The do-it-yourself (DIY) media culture on the internet is often attached to the power of ordinary users to produce, reproduce, and disseminate content in a decentralised communication platform. The same ethos of self-sufficiency facilitates the proliferation of new style and interactive documentaries designed by professional-amateurs and distributed mainly for the web. No longer the sole province of highly funded media experiments, the creation of interactive projects has been conceivable with the assistance of open source and off-the-shelf authoring software. The present case study investigates this trend by drawing on a post-textual analysis of the author’s independently produced and DIY interactive documentary (i-doc). Using a practitioner-researcher perspective, I explain the creative decisions involved in producing a political i-doc and interrogate how a website performs as a format of small-scale independent documentary project. I argue that the implication of DIY ethos on i-doc production is twofold: it reminds us to focus on functionality over beauty and prompts us to prioritise the story over interactivity. This article concludes on the potential of DIY ethos to fuel the production of citizen i-docs in the Global South.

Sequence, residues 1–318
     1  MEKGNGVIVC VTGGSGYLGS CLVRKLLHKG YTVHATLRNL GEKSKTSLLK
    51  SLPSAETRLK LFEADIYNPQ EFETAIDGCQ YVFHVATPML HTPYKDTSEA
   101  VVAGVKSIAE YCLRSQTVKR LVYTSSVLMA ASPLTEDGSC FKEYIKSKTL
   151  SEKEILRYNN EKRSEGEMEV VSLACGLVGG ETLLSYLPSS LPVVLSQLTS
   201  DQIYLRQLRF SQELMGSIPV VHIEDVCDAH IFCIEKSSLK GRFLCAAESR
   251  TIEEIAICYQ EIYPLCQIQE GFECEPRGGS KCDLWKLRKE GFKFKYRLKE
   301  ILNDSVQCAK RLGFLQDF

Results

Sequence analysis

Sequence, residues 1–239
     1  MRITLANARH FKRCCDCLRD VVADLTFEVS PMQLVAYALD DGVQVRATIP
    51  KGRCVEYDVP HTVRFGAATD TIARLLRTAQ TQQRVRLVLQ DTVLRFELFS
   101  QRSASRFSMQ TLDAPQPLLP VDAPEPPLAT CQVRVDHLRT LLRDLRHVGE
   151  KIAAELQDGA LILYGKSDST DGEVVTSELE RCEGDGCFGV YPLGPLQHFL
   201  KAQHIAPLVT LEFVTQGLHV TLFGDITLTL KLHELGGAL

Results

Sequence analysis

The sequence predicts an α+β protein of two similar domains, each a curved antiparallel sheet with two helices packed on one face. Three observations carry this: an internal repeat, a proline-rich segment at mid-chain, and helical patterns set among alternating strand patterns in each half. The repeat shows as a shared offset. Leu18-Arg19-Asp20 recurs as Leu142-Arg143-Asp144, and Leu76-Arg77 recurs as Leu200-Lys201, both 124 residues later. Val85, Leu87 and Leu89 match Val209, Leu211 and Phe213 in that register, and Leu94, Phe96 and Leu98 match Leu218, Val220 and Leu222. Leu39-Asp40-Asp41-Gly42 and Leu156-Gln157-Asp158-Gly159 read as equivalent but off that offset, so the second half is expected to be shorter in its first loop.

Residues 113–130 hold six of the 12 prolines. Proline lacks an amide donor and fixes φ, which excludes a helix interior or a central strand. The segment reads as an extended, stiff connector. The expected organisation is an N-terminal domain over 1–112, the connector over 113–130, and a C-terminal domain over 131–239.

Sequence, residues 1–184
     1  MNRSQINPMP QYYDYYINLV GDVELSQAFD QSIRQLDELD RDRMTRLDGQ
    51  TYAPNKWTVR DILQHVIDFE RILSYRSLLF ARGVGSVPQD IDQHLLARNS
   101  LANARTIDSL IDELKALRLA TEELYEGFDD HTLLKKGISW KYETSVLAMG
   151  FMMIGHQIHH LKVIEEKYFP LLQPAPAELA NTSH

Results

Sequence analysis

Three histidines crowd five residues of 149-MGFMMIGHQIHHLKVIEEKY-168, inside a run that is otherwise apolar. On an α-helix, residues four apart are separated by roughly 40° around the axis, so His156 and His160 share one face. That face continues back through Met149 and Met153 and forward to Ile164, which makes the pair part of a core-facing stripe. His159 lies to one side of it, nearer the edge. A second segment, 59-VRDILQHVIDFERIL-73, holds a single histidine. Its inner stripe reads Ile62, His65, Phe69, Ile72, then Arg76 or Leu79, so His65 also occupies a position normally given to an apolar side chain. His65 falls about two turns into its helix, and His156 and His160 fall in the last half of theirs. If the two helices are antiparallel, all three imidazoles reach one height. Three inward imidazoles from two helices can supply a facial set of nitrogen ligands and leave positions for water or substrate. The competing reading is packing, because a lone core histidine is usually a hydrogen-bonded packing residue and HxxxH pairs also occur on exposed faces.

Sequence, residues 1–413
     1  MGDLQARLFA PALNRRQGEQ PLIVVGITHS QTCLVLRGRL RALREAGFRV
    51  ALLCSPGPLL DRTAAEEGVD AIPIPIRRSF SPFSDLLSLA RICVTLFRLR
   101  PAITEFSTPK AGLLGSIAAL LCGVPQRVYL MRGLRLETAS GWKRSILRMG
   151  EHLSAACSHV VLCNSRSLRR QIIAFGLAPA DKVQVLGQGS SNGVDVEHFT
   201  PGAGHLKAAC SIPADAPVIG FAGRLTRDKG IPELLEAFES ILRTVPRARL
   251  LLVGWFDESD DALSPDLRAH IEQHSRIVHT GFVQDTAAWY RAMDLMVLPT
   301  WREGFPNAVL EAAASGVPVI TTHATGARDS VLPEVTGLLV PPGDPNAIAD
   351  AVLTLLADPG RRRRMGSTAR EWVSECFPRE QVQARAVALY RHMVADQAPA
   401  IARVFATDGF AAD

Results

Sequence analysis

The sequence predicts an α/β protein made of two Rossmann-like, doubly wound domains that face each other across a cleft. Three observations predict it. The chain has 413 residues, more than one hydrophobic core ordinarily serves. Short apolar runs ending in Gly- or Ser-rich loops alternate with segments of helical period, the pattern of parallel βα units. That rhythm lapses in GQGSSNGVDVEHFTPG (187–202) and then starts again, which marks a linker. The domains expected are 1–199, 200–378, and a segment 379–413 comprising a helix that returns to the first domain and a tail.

Zafra, N. (2021) “Do-it-yourself interactive documentary (i-doc): A post-textual analysis”. In: Media Practice and Education Vol 22 Issue 2, Pp. 89—103, DOI 10.1080/25741136.2020.1851951
Categories: Journal Article